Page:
[Python-3000] locale-aware strings ?

Jim Jewett jimjjewett at gmail.com
Mon Sep 4 05:14:18 CEST 2006

On 9/3/06, Guido van Rossum <guido at python.org> wrote:
> On 9/3/06, Jim Jewett <jimjjewett at gmail.com> wrote:

> > (2)  To what extent will strings have an opaque
> > (or at least on-demand) backing store, so that
> > decoding/encoding could be delayed?

> That seems to be a bit of a leading question.

Yes; I (mis-?)read the original question as asking whether non-English
users would still be able to use (faster) 8-bit representations.

> BTW the term "backing store" is typically used for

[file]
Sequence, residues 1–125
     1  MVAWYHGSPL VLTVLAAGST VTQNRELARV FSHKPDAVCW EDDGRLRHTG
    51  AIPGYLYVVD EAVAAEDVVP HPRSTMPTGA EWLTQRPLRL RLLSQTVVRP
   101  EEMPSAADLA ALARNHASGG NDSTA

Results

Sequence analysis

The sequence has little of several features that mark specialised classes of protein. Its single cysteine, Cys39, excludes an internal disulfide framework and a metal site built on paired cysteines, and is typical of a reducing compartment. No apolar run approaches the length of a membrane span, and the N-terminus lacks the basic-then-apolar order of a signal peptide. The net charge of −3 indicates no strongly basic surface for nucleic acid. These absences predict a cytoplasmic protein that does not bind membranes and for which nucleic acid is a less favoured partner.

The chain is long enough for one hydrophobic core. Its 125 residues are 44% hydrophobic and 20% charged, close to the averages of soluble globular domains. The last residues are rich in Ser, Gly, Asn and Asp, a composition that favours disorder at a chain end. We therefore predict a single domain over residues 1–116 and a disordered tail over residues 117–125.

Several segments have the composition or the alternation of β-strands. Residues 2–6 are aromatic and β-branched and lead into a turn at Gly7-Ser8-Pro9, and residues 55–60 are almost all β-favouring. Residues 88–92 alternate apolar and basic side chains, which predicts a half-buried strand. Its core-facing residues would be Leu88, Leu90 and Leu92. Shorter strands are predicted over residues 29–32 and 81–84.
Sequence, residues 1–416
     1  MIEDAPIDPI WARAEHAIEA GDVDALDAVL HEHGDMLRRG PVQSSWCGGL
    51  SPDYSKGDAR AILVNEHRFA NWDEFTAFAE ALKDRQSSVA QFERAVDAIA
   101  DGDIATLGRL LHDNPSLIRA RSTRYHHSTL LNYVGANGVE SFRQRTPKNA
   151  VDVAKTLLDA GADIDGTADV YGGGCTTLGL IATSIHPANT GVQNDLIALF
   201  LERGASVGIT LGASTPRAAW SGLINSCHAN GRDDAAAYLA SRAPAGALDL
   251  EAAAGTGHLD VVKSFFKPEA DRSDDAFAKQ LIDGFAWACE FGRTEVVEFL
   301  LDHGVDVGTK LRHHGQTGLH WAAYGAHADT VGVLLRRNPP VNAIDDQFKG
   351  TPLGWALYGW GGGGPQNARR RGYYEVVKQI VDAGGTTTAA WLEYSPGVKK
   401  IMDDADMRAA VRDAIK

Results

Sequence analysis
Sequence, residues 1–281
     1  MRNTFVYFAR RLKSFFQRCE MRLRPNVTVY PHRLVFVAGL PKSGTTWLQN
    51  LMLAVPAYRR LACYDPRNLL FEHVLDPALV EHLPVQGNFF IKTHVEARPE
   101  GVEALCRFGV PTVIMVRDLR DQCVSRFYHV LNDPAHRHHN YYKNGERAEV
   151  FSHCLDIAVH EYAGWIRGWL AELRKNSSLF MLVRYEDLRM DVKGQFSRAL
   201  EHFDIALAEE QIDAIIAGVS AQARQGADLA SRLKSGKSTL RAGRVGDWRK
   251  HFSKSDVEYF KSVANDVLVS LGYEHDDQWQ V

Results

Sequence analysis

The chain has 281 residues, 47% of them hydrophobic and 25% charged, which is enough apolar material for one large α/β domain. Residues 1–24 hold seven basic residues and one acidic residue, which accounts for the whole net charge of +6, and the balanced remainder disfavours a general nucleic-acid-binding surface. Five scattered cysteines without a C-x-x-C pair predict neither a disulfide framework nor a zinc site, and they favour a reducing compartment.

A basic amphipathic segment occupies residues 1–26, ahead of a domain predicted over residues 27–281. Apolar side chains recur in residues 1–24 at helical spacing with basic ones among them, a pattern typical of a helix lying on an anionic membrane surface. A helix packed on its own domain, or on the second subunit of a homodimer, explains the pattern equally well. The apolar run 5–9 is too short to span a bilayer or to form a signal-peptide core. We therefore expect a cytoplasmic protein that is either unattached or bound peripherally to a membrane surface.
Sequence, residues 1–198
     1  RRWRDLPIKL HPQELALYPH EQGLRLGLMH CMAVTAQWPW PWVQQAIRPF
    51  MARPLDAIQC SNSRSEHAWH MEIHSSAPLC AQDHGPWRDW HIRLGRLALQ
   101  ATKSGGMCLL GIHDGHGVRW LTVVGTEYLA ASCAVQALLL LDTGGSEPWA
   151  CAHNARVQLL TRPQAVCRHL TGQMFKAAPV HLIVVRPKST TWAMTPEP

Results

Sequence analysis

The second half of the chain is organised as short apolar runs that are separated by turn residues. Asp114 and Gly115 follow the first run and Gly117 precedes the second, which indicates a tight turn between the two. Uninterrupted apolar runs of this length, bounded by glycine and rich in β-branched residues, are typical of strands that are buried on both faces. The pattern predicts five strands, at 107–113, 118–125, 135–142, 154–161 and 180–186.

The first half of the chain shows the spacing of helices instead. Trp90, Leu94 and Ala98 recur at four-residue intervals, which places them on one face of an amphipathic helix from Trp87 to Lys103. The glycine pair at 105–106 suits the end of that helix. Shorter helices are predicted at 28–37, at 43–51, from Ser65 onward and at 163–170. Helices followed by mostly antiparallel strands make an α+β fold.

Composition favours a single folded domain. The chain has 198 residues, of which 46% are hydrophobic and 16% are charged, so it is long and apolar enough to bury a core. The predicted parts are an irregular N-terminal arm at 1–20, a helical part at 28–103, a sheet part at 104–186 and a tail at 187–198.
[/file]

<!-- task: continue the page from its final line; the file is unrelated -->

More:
> *disk-based* storage of large amounts of data --
> but (despite that your first question is about files)
> I don't believe this what you're referring to.

You are correct; I had forgotten that meaning, and was taking my usage
from the  CFString (~= NSString) documentation suggested earlier.
There it refers to the underlying (private) real storage, rather than
to a disk.

Today, python unicode characters are limited to a specific fixed width
at compile time, because C extensions can operate directly on the data
buffer.  If C extensions were required to go through the unicode
methods -- or at least to explicitly request a buffer -- then the
underlying storage could (often) be far more efficient.

This privatization would, however, be a major change to the API.
Smaller and faster localized strings are one of the compensatory


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